A Look Back At The First Presidential Impeachment In the U.S.
ARI SHAPIRO, HOST:
We've talked on this program with people who worked on President Clinton's impeachment and President Nixon's, trying to gain insight into the impeachment of President Trump. Well, our next guest argues that the best historical comparison is to a presidential impeachment that took place 150 years ago against Andrew Johnson, who became president after Abraham Lincoln's assassination. Manisha Sinha is a history professor at the University of Connecticut.
Welcome to ALL THINGS CONSIDERED.
MANISHA SINHA: Thank you for having me.
SHAPIRO: Before we get to the impeachment itself, tell us about the man. Who was Andrew Johnson?
SINHA: So Andrew Johnson was a unionist, actually, during the Civil War, from Tennessee. So because of that, he was rewarded by being made the military governor of Tennessee by Lincoln during the Civil War and then, finally, was Lincoln's vice president.
SHAPIRO: You describe Johnson as one of the most reviled presidents in American history, but that's not enough to get someone impeached. So why did impeachment proceedings ultimately begin against him?
SINHA: The reason why he was impeached was mainly his racist objections to black citizenship and to this whole program of Reconstruction, which was to establish an interracial democracy in the South. So Congress passes a law called the Tenure of Office Act that prevents Johnson from firing union army officers and from firing Lincoln's secretary of war, Edwin Stanton, who were really overseeing this process. And Johnson violates it by firing Stanton, even though he had earlier assured Republicans that he would not do that.
SHAPIRO: So this is about presidential overreach, executive abuse of power.
SINHA: Absolutely. It was presidential overreach and, as they say very clearly in the articles of impeachment, that he was encroaching on congressional power and had actually disrespected Congress, had obstructed Congress, which is also one of the articles of impeachment that was laid out yesterday against Donald Trump.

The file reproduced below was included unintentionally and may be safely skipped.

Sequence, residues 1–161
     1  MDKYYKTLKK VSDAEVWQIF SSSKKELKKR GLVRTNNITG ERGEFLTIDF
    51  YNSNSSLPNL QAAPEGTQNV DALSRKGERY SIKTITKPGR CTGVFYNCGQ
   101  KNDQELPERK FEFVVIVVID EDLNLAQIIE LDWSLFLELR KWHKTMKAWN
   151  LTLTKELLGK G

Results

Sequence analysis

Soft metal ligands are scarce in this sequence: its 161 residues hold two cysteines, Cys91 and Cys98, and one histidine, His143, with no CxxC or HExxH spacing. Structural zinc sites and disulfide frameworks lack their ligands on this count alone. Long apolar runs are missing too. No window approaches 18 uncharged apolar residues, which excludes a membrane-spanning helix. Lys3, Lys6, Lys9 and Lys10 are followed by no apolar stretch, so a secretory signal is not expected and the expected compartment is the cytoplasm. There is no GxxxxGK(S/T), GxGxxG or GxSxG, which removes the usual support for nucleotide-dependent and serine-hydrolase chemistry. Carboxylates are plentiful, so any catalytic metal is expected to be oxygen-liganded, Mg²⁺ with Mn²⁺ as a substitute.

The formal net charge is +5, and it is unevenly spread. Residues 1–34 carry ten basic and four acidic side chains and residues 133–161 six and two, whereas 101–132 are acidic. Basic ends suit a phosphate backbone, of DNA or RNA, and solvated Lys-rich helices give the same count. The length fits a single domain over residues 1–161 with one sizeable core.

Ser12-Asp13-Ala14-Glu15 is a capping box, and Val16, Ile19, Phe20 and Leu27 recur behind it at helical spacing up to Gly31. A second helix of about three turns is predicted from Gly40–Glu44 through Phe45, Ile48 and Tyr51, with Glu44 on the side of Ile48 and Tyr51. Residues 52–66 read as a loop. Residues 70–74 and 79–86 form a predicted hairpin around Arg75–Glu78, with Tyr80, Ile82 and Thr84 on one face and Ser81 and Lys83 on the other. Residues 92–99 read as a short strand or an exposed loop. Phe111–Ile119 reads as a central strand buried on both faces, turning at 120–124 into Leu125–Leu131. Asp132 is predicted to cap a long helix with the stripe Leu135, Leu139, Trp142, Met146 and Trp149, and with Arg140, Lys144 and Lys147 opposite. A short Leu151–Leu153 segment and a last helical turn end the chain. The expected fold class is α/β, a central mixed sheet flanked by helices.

SHAPIRO: So I was going to ask what other parallels you see here when you read the articles of impeachment from 150 years ago and from yesterday.
SINHA: Both impeachments have a smoking gun. For Johnson, it was violation of the Tenure of Office Act. For Trump, it was his phone call with the Ukrainian president. But both presidents also had a pattern of seeming to violate national interests, national ideals, playing on racial divisions in the country. I think in that way, they are both somewhat similar.
SHAPIRO: In last week's House Judiciary Committee hearing, another parallel between the Trump and Johnson impeachment came up. It was legal expert Jonathan Turley who said this.
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JONATHAN TURLEY: I believe that this is much like the Johnson impeachment. It's manufactured until you build a record. I'm not saying you can't build a record, but you can't do it like this.
SHAPIRO: Whether or not you agree that the record for the Trump administration is insufficient, do you think it's true that the record with the Johnson impeachment was kind of manufactured and ad hoc?
SINHA: I wouldn't agree that it was manufactured because there were 11 articles of impeachment against Johnson, and the first nine very clearly pointed to the so-called smoking gun, which was violation of the Tenure of Office Act. One could see that as Congress sort of encroaching on executive privilege. But that, in fact, was in response to Johnson's obstructionism and his attempt to disregard federal law when it came to Reconstruction because he was turning a blind eye to racial terror, the rise of the Ku Klux Klan, etc.
SHAPIRO: If, as expected, the Trump impeachment moves on to a trial in the Senate, what would you look for to see whether these parallels continue with Johnson?
SINHA: Well, that's where the parallel will break down. It's quite clear that the Republican Party today is lock-step-and-barrel (ph) behind Trump and that no matter what happens, they are not going to vote to convict him. And since they do have a slight majority in the Senate, it seems conviction is unlikely. But I do think that the entire process is important to make sure that presidents don't think that they are above the law and that we don't completely give up on checks and balances, separation of powers that have been put into place by the founders of the American republic.
SHAPIRO: That's history Professor Manisha Sinha of the University of Connecticut.
Thanks for speaking with us.
SINHA: Thank you for having me, Ari.
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